Simple full bridge rectifer - output in reality not as expected?

Discussion in 'Homework Help' started by drdimmer, Mar 15, 2011.

  1. drdimmer

    Thread Starter New Member

    Feb 11, 2011
    I'm trying to build a simple a bridge rectifer like this to demonstrate to my brother the principle of diodes and roughly how AC can be converted to DC as he has just covered it in physics and he has a homework question on it so I though I'd make the circuit for him and test it and show science in "reality".
    What I thought would be a simple task hasn't turned out to be!

    I've constructed the circuit on breadboard, and I'm using a 47ohm resistor in parallel with a 10uF capacitor, and the diodes used are BYV27-200-TAP as the signal generator we are using is operating at 20kHz as in his homework question. These figures were derived from a ripple specification he was required to meet.

    The supply to the rectifier being 12Vrms = 15.57V Peak. The load resistor required would be Rl=15.57/0.321 = 48.5 ohms.

    Using I=C(dV/dT). where dt = 1/(2f) as its a full wave bridge rectifer, and dV being the ripple specification of 4% of the full wave, the capacitance is approximately 13uF.


    Having made up the simple circuit and built a model in PSpice to compare outputs, we put the sig gen on to the circuit and open circuit voltage of 20V pk-pk (limitation of 8W sign gen) input drops to around 8.44V pk - pk (due to potential divider effect of the circuit and the sig gen, with the circuits impedance being so small?).

    So I thought fine, I'll change the input in PSpice to 8.44Volts, keep the components the same and at least prove that the output of the circuit in reality would match that on PSpice. Boy was I wrong! Sticking a Digital Multimeter on the output of the bread board indictates an output voltage of 2.63V. This is suggesting that the voltage drop over the diodes is almost 2V!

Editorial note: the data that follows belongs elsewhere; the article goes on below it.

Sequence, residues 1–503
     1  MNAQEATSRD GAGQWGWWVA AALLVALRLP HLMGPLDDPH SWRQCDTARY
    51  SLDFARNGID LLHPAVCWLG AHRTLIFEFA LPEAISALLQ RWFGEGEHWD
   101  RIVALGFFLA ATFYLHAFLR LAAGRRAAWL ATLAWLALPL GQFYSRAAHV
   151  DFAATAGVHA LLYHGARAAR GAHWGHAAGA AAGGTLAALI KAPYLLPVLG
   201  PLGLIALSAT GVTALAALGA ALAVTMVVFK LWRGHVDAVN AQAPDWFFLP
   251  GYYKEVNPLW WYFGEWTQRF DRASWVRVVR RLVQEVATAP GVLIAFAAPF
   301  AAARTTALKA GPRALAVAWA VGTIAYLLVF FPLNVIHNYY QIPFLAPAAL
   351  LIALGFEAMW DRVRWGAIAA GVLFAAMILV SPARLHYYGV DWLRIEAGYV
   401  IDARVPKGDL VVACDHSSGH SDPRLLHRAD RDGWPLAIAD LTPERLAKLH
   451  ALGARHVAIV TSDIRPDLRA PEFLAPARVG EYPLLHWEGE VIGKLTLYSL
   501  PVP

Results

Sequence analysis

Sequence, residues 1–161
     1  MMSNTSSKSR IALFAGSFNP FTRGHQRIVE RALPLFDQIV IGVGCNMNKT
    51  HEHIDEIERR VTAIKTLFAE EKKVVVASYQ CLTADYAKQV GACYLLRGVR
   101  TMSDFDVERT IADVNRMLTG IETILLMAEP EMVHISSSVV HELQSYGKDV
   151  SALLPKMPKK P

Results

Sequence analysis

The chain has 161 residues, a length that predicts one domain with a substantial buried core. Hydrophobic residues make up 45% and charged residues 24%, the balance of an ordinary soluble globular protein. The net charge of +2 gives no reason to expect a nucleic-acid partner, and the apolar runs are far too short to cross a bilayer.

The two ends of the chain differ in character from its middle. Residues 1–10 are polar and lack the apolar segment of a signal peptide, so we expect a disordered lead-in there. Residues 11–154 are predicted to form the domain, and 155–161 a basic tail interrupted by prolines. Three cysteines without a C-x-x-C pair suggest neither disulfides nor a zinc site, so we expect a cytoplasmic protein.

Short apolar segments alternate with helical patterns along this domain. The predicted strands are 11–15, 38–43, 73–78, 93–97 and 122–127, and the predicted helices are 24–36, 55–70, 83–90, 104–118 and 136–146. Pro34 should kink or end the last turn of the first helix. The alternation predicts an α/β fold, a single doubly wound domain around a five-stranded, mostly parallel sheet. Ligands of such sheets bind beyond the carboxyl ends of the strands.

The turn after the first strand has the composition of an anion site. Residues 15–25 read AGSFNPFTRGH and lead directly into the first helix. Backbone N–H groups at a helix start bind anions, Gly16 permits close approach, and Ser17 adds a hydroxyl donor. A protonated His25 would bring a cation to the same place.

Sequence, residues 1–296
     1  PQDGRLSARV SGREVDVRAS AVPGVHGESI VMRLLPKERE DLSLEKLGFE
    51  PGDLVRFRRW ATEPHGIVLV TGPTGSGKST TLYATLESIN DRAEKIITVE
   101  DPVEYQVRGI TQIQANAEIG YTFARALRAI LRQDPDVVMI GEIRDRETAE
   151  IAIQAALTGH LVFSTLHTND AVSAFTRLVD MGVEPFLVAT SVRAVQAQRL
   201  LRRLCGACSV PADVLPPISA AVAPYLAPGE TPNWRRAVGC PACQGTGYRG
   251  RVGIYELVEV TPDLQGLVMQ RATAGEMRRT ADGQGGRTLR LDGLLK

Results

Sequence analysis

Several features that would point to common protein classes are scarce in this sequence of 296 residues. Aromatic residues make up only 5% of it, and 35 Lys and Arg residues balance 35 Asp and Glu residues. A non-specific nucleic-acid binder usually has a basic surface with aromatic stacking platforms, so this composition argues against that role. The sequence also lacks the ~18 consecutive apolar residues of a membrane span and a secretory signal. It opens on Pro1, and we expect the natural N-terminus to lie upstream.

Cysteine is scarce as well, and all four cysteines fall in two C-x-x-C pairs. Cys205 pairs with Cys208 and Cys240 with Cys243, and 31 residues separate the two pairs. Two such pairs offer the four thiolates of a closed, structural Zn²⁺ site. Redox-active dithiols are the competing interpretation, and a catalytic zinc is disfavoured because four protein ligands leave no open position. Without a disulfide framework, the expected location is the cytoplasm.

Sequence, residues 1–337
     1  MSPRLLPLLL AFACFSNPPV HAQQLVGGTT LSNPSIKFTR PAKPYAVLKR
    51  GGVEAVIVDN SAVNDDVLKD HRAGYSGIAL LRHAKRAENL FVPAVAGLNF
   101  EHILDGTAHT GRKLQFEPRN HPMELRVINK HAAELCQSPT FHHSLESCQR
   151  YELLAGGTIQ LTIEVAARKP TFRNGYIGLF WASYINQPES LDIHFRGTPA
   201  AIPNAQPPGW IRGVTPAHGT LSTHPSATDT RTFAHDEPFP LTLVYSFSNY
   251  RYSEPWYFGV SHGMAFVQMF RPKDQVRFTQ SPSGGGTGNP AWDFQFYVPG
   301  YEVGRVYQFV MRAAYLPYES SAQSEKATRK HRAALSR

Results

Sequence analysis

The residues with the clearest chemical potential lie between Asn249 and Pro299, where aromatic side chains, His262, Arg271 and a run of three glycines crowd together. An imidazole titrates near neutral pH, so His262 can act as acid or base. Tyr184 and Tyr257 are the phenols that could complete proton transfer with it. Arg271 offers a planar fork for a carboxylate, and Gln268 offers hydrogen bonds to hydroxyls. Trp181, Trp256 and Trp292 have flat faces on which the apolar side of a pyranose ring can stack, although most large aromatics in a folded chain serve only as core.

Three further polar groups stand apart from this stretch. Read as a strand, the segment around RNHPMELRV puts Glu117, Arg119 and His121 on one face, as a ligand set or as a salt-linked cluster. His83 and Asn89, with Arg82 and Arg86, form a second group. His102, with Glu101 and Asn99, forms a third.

Can anyone think of a reason why this might be? All I can think of is the low impedance of the components used and power limitations of the signal generator are having some effect.

    And to top it all off, a future electrical engineer in the making has been put off electronics for life after watching me get no where!

    Any help would be greatly appreciated.
  2. Adjuster

    Well-Known Member

    Dec 26, 2010
    Actually, I don't think anything very strange is going on here. What type of generator are you using for the practical version? Many signal generators have a 50Ω output impedance, and so the output voltage would drop dramatically when feeding your circuit.

    You could try putting a 50Ω resistor in series with a 20V peak to peak voltage source in your PSpice simulation, to see if this gives a comparable result. As well as a straightforward loss of peak-to peak voltage, there would also be a change in wave-shape, assuming you had a sine wave in the first place.

    Your present PSpice result seems not unreasonable. An input voltage of 8.44V peak to peak gives 4.22V peak, so your 2.63V output implies a drop of 1.59V in the rectifier. A bridge rectifier has a voltage drop equivalent to two diodes in series, so each diode drops 0.795V. That is only a little more than you might expect for a typical Silicon diode at low current.